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11 - 15 of 15 results for: CS106A

IMMUNOL 207: Essential Methods in Computational and Systems Immunology

Introduction to the major underpinnings of systems immunology: first principles of development of computational approaches to immunological questions and research; details of the algorithms and statistical principles underlying commonly used tools; aspects of study design and analysis of data sets. Prerequisites: CS106a and CS161 strongly recommended.
Terms: Spr | Units: 3 | Grading: Medical Option (Med-Ltr-CR/NC)

ME 52SI: Scan, Model, Print! Designing with 3D Technology

Think 3D scanning, modeling, and printing technology is just about plastic widgets? Think again! Immerse yourself in a world of custom prosthetics, manufacturing in space, autonomous cars, and much more. This hands-on engineering design course teaches advanced 3D imaging and computational modeling skills in order to leverage the unique benefits of additive manufacturing to solve complex problems. Students will connect the theory behind these tools to direct experience with the equipment and software. Short assignments at the start of the quarter will build students' core competencies and prepare them for a team-based, open-ended project. Class time will be a mixture of lecture, lab, guest speakers, and field trips. Recommended: basic CAD, fabrication, and programming experience (e.g. ME103D, 203, CS106A or equivalents).
Terms: not given this year | Units: 2 | Grading: Satisfactory/No Credit

ME 216M: Introduction to the Design of Smart Products

This course will focus on the technical mechatronic skills as well as the human factors and interaction design considerations required for the design of smart products and devices. Students will learn techniques for rapid prototyping of smart devices, best practices for physical interaction design, fundamentals of affordances and signifiers, and interaction across networked devices. Students will be introduced to design guidelines for integrating electrical components such as PCBs into mechanical assemblies and consider the physical form of devices, not just as enclosures but also as a central component of the smart product. Prerequisites include: CS106A, E40, and ME 210, or instructor approval.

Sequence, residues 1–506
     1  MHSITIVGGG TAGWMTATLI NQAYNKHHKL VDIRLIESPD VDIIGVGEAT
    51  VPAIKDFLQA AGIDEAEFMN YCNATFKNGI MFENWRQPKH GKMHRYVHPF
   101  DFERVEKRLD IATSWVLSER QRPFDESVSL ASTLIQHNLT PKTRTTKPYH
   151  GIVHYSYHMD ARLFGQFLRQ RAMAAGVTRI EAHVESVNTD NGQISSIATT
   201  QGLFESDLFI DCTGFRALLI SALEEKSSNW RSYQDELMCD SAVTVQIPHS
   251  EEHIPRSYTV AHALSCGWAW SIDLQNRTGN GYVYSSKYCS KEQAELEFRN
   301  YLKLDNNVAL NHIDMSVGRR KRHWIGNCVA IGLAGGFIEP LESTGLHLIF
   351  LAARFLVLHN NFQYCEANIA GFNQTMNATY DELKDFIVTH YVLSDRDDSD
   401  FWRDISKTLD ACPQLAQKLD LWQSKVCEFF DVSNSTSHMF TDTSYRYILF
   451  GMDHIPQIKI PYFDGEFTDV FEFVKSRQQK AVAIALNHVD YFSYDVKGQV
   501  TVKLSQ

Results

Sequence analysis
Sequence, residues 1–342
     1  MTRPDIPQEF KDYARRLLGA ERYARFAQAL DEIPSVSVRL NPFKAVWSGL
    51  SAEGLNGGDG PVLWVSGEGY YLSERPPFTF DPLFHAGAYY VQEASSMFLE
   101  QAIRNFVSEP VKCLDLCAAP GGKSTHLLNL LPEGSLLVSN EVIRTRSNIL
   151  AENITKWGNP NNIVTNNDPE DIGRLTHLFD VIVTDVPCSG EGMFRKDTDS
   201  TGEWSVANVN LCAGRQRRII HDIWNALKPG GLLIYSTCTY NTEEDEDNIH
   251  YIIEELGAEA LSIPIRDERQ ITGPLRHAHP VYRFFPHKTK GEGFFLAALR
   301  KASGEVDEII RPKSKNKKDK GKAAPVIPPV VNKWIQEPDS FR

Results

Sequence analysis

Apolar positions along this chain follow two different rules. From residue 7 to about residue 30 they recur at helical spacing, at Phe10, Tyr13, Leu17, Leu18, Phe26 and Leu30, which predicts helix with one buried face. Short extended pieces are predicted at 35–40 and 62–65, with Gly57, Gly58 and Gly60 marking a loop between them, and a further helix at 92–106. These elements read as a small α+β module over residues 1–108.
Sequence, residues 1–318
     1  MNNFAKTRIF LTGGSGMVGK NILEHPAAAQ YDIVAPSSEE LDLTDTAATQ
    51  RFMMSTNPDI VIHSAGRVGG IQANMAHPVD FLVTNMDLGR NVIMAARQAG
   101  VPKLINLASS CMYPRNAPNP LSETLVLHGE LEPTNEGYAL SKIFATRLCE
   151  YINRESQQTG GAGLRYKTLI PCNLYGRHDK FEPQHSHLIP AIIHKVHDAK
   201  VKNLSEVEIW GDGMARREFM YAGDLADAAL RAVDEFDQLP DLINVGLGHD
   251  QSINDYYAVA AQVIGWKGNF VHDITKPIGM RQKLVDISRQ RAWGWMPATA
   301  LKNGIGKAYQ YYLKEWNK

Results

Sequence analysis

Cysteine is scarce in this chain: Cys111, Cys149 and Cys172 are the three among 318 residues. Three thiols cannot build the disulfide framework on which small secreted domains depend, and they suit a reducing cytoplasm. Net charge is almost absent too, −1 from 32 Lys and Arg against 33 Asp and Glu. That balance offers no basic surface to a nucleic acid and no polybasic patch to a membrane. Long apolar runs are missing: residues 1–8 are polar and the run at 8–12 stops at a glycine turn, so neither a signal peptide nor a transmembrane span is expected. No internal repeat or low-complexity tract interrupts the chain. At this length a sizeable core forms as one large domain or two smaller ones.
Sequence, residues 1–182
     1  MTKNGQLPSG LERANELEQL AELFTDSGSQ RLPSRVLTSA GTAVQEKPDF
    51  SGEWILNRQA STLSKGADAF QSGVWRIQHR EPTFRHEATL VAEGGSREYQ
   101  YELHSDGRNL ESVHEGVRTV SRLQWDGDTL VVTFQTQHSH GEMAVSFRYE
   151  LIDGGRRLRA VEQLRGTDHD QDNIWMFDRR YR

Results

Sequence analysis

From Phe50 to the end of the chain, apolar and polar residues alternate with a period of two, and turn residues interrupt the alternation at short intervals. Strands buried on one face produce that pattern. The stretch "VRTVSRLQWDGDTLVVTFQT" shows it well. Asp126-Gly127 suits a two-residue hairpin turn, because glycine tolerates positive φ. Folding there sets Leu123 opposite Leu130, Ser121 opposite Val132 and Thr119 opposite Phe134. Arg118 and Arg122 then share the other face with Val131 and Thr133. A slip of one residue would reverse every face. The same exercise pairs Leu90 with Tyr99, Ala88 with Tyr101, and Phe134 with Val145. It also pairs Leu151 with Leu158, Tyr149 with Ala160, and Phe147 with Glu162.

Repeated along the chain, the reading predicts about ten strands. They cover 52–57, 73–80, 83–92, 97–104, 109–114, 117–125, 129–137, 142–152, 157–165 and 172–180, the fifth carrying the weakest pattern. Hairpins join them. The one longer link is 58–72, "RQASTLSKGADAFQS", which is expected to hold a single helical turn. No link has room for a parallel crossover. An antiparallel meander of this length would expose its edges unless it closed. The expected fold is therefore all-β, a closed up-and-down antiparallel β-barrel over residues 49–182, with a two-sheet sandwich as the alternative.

Terms: Spr | Units: 4 | Grading: Letter or Credit/No Credit

PHYSICS 91SI: Practical Computing for Scientists

Essential computing skills for researchers in the natural sciences. Helping students transition their computing skills from a classroom to a research environment. Topics include the Unix operating system, the Python programming language, and essential tools for data analysis, simulation, and optimization. More advanced topics as time allows. Prerequisite: CS106A or equivalent.
Terms: Spr | Units: 2 | Grading: Satisfactory/No Credit

SOMGEN 217SI: Fundamentals of Digital Health Innovation

Digital Health is an emerging field that sits at the intersection of healthcare and technology. Last year, healthcare spending in the United States surpassed $3.2T, and remains an unmet need. To fully address this issue, this requires expertise in healthcare and technology trends. This class will focus on how understanding healthcare trends of the past, present and future combined with the innovative technology trends can ultimately be utilized to drive innovation in healthcare. Some topics covered will revolve around technology trends in healthcare and healthcare stakeholders, such as providers, payers, biotechnology and pharmaceutical companies, FDA, and the financial markets. Prerequisities for the course are BIO41 or CS106A or equivalent.
Terms: not given this year | Units: 1 | Grading: Medical Satisfactory/No Credit
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